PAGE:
In The Moment, USA’s new reality series premiering on Thursday, April 11 at 10 p.m., ordinary people are given a chance to pursue their dream jobs and land an interview that could change their lives.
For USA Network, the series will be a moment for it to determine if this type of uplifting, aspirational unscripted programming can work on the channel known for its one-hour dramas.
“If we want to keep growing, we need to be in this space,” said USA co-president Chris McCumber at a dinner on Tuesday celebrating the series’ launch.
USA is bullish that The Moment will fit with its blue-sky brand perpetuated by scripted hits like Burn Notice and White Collar, and has already greenlit pre-production/casting for a possible second season. McCumber said that was done so new episodes could be ready in six to 12 months, though he will wait for its initial eight episodes to air before making an official decision on season two.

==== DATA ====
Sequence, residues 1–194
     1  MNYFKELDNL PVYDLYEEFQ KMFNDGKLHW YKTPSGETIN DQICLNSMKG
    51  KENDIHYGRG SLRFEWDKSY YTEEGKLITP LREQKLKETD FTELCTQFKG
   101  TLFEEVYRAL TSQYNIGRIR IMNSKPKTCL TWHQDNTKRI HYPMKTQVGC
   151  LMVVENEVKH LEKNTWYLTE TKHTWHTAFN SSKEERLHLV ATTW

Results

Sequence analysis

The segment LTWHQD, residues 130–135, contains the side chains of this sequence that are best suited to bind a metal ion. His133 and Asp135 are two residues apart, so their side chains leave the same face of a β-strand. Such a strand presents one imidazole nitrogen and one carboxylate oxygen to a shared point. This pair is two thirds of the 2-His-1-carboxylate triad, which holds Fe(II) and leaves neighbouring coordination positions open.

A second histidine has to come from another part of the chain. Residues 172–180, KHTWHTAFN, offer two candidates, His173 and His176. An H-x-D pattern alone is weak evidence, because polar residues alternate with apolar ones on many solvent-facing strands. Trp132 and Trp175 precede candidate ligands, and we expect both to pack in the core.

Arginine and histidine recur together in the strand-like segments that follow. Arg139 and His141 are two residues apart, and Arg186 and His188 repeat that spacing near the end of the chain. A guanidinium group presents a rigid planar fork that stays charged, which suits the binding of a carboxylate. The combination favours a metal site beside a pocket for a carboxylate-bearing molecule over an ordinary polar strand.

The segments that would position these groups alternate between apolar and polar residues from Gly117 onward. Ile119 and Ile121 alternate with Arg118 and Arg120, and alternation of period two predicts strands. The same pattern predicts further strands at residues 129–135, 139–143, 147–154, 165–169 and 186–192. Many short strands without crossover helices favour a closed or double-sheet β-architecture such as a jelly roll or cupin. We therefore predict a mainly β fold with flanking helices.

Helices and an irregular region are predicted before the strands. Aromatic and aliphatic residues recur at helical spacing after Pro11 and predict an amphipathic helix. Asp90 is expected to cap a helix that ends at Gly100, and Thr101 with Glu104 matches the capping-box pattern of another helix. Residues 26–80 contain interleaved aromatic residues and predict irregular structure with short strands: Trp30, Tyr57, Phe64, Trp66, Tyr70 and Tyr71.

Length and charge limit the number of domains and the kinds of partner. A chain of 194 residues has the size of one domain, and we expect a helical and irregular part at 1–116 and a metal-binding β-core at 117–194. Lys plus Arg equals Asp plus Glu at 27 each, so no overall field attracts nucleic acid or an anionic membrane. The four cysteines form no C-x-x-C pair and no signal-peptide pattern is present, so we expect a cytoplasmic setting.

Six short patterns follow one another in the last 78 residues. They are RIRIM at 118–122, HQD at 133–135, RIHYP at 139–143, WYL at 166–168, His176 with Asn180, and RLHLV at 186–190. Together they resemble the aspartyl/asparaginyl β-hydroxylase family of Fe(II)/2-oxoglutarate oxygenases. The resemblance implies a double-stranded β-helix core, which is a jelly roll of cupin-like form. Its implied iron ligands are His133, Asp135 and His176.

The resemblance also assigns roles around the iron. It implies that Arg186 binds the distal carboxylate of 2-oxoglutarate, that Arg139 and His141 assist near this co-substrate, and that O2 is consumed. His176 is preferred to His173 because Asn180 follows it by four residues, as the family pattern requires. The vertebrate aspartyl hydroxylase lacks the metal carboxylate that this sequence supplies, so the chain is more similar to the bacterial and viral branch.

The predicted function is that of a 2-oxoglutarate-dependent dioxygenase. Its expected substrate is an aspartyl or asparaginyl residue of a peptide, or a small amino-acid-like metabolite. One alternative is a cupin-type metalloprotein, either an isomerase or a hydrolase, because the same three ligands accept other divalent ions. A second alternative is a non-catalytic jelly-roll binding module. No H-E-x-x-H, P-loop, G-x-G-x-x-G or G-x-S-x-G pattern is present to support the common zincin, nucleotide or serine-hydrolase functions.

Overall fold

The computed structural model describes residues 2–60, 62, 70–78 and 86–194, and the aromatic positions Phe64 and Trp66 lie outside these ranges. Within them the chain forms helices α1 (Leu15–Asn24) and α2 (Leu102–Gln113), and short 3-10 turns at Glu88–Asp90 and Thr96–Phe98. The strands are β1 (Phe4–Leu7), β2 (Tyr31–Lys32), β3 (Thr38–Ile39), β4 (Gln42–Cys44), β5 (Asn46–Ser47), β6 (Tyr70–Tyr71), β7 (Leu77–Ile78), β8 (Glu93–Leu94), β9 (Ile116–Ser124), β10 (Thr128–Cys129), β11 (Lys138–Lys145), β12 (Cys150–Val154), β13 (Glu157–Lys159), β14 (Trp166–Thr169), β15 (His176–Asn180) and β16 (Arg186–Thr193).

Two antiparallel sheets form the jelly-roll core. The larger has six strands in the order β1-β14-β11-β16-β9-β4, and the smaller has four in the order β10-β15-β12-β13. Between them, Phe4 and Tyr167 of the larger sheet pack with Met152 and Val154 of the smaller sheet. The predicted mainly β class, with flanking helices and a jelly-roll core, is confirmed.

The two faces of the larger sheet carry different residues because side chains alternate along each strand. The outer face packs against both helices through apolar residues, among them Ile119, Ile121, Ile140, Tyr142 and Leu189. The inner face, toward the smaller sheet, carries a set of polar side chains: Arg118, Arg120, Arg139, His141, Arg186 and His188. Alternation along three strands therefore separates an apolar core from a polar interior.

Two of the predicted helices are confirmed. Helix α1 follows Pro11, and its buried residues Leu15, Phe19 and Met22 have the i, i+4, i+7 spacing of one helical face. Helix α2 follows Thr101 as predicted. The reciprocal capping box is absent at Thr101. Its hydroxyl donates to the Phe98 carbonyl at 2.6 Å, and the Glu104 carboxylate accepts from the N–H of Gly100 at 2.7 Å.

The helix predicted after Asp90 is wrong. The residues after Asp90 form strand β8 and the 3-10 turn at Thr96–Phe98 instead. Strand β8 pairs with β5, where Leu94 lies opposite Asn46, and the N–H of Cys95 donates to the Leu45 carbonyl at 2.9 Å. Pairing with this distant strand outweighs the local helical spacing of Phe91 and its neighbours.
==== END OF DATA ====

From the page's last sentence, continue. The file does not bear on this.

Hosting the series is former NFL quarterback Kurt Warner, whose own back-story plays well into the premise: He was bagging groceries to make ends meet and got turned down by 12 teams before the St. Louis Rams gave him his big break. Warner said he agreed to this hosting gig after turning down others because of the chance to help people by lending wisdom of his experience.
“I didn’t get involved to be a TV personality,” he said. “I got involved because I knew there were things I could add.”
Though The Moment features mentors who are experts in their fields, Warner also serves as a sounding board as contestants wait to hear whether they received a job offer out of their interviews, and then must debate whether to take it.
“We didn’t want everyone to get the job because then people wouldn’t believe it’s real,” says executive producer Charlie Ebersol, who noted about half of the contestants either won’t be offered the job or will decide not to accept it.
Following The Moment, USA will continue its reality push with the premiere of competition series Summer Camp in July and The Choir, about a British choirmaster who brings communities together through music, in the fourth quarter.
“We have a nice diversified slate of shows,” said Heather Olander, senior VP of alternative programming at USA.
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